Australia — A total fire ban has been declared in Perth today as fire crews battle a bushfire in Waroona.
After upgrading the fire to an emergency warning this morning, the Department of Fire and Emergency Services has since downgraded the The alert level for the lightning-sparked bushfire has been downgraded with firefighters making progress.
The alert was on Friday morning elevated to an emergency as the blaze sped towards the town but 35 firefighters are building containment lines and it is now moving slowly.
A downgraded watch and act alert still applies to people in the eastern part of Waroona bounded by Nanga Brook Road, Scarp Road, Invarell Road, Drake Brook, Brookside Grange, Elliot Street and Hill Street, including Woodley Heights and Forrington Heights.
Houses in Forrington Heights may still be under threat by fire.
It is out of control and unpredictable, and conditions are changing.
The thunderstorm on Thursday, which ended a 61-day dry spell, also triggered blazes in Forrestfield and around Perth Airport, but firefighters gave the all clear for these early today
A Department of Fire and Emergency Services spokesman said the total fire ban was due to risky weather conditions and firefighter fatigue.
Firefighters have been kept very busy in the past few weeks, battling two major fires in the northern suburbs and many smaller bushfires across the city.
Earlier this week, there were times when the department did not have as many crews as it would have liked at the Nowergup fire simply because of a lack of resources.
The fire ban is designed to give firefighters a chance to recover.
Its a relatively uncommon situation, he said.
Its because of the weather conditions and the drain and exhaustion of current resources.
Businesses wishing to carry out metal work or any other activity which could start a fire must have an exemption or they risk prosecution.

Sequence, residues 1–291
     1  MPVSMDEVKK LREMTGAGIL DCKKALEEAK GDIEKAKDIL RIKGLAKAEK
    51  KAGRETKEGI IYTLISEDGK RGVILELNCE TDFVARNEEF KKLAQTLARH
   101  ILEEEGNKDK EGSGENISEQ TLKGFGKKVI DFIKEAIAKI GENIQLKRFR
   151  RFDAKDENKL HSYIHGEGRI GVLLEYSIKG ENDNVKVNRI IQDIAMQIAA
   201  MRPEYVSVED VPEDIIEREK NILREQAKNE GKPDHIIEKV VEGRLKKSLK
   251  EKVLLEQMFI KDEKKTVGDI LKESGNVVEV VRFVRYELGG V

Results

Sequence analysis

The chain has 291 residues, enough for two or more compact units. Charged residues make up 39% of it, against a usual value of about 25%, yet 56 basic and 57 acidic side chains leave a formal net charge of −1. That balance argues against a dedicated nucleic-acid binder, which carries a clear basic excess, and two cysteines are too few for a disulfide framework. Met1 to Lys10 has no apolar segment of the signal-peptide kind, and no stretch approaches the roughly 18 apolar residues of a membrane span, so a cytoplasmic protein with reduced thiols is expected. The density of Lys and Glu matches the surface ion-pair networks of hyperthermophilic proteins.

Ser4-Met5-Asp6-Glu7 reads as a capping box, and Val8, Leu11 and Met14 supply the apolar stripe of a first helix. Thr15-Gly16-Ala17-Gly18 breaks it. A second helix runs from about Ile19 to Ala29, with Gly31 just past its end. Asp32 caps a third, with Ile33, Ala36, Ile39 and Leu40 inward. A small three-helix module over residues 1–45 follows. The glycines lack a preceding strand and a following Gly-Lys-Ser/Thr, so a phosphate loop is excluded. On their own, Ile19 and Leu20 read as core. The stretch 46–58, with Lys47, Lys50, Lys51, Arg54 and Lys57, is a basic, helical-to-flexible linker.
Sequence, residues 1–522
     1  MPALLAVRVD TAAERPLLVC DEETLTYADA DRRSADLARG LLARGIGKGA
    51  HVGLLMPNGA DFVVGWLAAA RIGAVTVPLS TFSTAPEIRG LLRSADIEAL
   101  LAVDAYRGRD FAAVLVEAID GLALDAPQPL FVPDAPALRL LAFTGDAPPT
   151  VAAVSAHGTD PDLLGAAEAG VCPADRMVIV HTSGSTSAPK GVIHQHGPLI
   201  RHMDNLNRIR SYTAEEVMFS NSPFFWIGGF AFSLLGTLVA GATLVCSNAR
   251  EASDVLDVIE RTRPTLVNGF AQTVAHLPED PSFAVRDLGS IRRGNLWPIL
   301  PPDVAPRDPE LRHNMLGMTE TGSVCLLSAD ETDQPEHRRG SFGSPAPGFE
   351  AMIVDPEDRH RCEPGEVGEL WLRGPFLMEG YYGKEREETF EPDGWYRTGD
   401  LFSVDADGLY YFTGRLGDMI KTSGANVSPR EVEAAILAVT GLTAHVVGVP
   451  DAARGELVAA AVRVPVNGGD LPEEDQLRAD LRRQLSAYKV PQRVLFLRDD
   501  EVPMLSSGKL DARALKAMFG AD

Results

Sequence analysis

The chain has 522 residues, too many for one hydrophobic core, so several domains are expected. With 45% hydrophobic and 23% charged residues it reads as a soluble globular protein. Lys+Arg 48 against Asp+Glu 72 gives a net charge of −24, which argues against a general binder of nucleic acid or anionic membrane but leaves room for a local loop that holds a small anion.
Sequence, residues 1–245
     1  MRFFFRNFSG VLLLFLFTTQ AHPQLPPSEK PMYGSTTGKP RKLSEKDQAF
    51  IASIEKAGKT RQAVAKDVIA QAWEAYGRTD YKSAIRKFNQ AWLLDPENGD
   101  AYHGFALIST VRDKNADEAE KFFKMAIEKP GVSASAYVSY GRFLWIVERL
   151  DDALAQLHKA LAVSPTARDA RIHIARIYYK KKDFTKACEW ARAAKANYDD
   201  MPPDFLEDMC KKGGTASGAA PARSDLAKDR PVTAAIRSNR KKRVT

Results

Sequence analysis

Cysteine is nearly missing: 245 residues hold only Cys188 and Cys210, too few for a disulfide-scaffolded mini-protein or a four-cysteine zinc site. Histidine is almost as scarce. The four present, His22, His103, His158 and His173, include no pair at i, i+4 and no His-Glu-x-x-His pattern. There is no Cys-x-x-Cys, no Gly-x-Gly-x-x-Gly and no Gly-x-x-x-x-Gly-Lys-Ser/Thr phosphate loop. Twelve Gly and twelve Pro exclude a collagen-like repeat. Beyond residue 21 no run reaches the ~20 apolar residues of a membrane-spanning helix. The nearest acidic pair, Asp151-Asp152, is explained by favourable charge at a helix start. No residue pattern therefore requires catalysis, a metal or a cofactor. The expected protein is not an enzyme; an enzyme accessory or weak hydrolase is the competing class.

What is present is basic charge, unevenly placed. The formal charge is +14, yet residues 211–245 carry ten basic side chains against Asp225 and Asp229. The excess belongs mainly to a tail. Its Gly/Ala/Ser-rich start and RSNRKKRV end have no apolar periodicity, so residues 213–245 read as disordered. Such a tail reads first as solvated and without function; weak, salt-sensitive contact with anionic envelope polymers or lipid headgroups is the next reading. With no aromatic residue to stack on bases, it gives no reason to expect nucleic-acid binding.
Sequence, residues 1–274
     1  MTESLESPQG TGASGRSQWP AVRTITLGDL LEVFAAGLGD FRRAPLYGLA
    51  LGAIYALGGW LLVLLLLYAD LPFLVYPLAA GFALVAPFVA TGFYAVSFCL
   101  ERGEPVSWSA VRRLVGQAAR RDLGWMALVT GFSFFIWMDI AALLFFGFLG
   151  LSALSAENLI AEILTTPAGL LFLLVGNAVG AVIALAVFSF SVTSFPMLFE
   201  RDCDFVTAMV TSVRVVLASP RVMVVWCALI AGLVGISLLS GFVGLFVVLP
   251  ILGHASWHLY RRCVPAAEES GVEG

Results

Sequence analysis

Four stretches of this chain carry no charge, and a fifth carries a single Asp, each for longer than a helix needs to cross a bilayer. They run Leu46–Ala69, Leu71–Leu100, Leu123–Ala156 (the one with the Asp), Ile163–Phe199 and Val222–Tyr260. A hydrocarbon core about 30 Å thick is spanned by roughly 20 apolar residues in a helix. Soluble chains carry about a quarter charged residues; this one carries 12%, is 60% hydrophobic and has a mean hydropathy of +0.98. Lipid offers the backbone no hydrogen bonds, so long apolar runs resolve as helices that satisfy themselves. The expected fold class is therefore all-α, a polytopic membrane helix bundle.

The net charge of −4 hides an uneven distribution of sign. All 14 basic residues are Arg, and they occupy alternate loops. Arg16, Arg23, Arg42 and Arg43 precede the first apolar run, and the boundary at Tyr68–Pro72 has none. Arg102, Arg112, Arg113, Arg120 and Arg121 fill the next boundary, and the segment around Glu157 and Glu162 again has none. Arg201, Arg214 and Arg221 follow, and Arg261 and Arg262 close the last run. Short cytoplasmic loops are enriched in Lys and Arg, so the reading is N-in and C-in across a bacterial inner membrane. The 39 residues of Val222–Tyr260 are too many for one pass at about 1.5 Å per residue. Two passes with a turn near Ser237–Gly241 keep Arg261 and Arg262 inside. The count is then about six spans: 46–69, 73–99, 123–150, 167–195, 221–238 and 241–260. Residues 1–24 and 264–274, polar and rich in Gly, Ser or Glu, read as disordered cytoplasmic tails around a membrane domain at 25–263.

The DFES spokesman said most businesses were aware of the exemption process.
To get an exemption you have to satisfy a number of criteria regarding trained personnel and satisfactory equipment, he said.
You need to have access to a mobile water tanker, for example.
Department of Fire and Emergency Services assistant commissioner Chris Arnol warned that lightning and strong winds would create dangerous fire conditions over the next week, with the small amounts of rain forecast not enough to put out fires.
“Some of the worst fires the State has experienced started in similar weather conditions to what we are expecting over the next week, so we are on high alert,” he said.
Thunderstorms swept across the city early yesterday, filling rain gauges with about 13.4mm – the first fall in 61 days.
Lightning closed beaches, sparked about 36 fires, delayed flights and left tens of thousands of homes without power as storms made the humidity stifling. More hot weather and storms were forecast for today and the weekend.
Western Power crews worked to restore power to almost 27,000 homes and about 3100 customers were without power last night.
The humidity also meant yesterday felt hotter than it was. The science of muggy weather was complicated but Bureau of Meteorology spokesman Neil Bennett said dew point, not relative humidity, was the crucial measure.
This was the temperature at which water vapour in the air condensed into liquid and generally the higher it was, the more humid it felt.
High levels of moisture in the air hamper the cooling evaporation of sweat and, with light winds, lead to a higher “apparent temperature”.
“Once you get to a dew point of 18 or 19 degrees and above, it is going to start to feel unpleasant,” Mr Bennett said. By 1pm, it was 27C in Perth but the apparent temperature was 30.4. The dew point was 22C, compared with 15C and 10C the previous two days.